Jump to content

Remembered Today:

How To Carry Yer Rifle


PhilB
 Share

Recommended Posts

The photo is from Paxman`s book and shows "Chipping Norton territorials marching off to war in August 1914". A number of the men are marching with the rifle reversed over the shoulder. It`s a technique I don`t recall seeing much in photos from WW1 or WW2 and it`s not one I saw during my own NS time when we still had the SMLE. Is it perhaps that the Metford (which I assume these are) is of a slimmer shape which lends itself to this type of carriage?

post-2329-0-98041300-1405773542_thumb.jp

Link to comment
Share on other sites

The Chipping Norton Territorials would be E Company 1/4th Bn Oxfordshire and Buckinghamshire Light Infantry: Coy HQ at Chipping Norton with drill stations at Kingham, Charlbury, Shipton and Stow-on-the -Wold...it was a long march as they went to Chelmsford and it took seven months before they disembarked in Boulogne

Note the Officer's distinctive collar badge on his lapel and his double strapped Sam-Browne.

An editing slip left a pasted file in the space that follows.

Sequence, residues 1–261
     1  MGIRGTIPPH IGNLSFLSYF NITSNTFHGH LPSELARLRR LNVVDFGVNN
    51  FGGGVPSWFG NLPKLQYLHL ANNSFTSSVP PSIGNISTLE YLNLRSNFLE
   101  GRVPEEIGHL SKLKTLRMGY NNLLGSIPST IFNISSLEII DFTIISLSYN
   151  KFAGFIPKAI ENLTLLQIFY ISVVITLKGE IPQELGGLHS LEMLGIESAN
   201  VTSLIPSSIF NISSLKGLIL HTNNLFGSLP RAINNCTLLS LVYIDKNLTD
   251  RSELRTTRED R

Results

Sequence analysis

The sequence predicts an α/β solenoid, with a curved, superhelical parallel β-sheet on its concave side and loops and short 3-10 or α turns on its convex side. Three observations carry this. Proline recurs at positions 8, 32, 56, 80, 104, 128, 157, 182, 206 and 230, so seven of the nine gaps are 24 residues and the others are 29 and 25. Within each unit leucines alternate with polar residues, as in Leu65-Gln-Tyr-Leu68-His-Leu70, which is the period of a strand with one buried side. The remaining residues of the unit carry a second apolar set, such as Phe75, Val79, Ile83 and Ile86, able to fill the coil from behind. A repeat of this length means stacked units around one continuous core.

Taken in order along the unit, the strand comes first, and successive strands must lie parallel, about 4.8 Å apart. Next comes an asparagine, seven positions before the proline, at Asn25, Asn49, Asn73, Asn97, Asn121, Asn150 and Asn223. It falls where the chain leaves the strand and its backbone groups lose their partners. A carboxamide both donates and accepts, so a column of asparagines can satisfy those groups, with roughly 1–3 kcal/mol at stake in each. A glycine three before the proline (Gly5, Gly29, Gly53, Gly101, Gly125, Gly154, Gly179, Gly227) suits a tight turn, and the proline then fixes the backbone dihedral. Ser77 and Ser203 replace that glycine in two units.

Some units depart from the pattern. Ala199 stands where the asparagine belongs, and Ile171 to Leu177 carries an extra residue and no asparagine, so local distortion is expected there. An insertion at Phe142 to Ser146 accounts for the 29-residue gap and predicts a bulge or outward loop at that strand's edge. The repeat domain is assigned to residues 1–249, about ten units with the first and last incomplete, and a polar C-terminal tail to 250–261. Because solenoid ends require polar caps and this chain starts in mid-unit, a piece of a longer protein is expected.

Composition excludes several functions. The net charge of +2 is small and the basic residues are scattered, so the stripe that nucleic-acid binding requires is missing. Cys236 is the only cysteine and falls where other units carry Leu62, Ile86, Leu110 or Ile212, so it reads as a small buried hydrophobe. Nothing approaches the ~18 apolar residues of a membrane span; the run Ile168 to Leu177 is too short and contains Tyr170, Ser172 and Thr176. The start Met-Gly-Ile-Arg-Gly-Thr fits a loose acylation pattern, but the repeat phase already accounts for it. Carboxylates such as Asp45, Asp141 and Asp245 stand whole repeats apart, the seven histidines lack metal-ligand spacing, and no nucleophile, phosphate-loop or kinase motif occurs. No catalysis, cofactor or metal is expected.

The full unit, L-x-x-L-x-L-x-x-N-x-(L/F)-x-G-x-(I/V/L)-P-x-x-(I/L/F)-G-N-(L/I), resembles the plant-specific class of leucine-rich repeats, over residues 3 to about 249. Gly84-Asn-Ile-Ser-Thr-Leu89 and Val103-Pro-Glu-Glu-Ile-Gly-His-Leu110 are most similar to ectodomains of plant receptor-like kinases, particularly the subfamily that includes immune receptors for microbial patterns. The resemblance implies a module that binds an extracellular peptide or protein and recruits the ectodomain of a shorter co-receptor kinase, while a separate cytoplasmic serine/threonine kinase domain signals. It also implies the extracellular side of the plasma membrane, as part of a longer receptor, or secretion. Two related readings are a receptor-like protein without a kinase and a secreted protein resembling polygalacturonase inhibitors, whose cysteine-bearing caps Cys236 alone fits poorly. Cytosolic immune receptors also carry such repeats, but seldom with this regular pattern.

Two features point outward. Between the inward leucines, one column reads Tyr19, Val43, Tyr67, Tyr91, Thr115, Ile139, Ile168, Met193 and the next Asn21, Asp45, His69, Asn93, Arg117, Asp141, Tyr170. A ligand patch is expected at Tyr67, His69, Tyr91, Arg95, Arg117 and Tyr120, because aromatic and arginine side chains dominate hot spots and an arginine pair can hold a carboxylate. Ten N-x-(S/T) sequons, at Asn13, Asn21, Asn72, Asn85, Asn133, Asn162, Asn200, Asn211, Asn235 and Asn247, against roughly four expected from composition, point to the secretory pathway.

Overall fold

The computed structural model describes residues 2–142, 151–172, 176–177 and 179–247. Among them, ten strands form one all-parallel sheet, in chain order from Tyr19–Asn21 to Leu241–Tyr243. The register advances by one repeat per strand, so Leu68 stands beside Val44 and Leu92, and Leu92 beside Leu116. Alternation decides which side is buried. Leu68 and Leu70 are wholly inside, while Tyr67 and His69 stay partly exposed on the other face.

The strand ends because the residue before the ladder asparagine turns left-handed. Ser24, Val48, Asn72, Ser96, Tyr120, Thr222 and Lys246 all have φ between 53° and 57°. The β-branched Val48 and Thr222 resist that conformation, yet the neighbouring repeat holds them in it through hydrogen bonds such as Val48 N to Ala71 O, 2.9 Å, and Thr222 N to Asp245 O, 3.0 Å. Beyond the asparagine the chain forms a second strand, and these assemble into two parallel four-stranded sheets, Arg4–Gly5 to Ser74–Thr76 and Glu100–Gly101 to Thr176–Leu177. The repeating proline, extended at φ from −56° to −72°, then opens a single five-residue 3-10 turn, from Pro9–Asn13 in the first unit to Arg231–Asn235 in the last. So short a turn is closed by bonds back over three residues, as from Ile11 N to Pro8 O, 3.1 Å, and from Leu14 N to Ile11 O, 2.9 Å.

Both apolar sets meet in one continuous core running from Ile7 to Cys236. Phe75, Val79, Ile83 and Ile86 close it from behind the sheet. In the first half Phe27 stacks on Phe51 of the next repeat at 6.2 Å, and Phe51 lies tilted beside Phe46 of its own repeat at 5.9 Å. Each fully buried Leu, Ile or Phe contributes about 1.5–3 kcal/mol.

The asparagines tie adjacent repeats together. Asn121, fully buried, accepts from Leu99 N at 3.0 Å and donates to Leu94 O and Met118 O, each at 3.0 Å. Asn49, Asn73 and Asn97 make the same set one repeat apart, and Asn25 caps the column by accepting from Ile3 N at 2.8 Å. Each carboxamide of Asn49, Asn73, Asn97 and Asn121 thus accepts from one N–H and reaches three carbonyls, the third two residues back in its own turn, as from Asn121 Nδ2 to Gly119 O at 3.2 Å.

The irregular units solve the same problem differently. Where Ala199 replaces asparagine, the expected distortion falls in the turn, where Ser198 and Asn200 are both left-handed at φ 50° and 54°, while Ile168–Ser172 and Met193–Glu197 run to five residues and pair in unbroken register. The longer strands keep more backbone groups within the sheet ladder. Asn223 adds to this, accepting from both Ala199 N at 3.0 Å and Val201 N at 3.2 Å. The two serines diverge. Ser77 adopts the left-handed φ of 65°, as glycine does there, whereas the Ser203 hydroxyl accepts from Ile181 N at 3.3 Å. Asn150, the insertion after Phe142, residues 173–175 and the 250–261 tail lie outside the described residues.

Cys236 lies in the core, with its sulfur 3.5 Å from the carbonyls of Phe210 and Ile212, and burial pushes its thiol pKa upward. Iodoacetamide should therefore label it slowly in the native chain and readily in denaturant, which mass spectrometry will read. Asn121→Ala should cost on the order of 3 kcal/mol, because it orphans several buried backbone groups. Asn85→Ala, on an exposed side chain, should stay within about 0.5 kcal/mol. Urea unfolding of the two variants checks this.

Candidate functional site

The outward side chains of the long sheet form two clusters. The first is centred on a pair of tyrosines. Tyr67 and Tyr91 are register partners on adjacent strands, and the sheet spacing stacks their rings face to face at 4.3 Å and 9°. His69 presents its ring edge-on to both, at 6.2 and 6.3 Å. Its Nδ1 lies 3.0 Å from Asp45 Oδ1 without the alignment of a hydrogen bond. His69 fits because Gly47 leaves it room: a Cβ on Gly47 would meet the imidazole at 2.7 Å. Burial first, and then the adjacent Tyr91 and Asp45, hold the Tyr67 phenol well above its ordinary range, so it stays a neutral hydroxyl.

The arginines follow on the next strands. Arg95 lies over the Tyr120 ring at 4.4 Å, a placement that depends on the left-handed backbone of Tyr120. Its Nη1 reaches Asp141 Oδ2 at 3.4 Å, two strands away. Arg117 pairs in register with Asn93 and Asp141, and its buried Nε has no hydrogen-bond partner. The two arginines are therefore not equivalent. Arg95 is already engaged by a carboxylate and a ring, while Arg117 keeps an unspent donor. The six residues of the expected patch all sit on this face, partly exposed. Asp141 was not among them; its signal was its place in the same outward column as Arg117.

Link to comment
Share on other sites

I can relate to the carrying of arms of the man behind the army/civvy greet.

Still used today between shooting pegs

Link to comment
Share on other sites

Note the Officer's distinctive collar badge on his lapel an his double strapped Sam-Browne.

I thought they were staff tabs! Single cuff band - subaltern?

Link to comment
Share on other sites

That is "marching at ease - butts up" certainly performed by Rifle Regiments. Starting with the weapon at 'The trail', grasp the rifle with the left hand just to the front of the middle band, thumb to rear. Then with both arms swing the rifle so it is bolt down, and land it with the bolt to the rear of the shoulder strap of the left shoulder. Immediately cut the right arm away to the side, and as this is marching at ease continue with the rifle comfortably settled. To recover - grasp the rifle with the right hand just forward of the magazine, palm upwards, and swing the rifle into the at The Trail, cutting the left arm away to the side. It’s also wise to ensure you are double spacing as you need to get a good swing.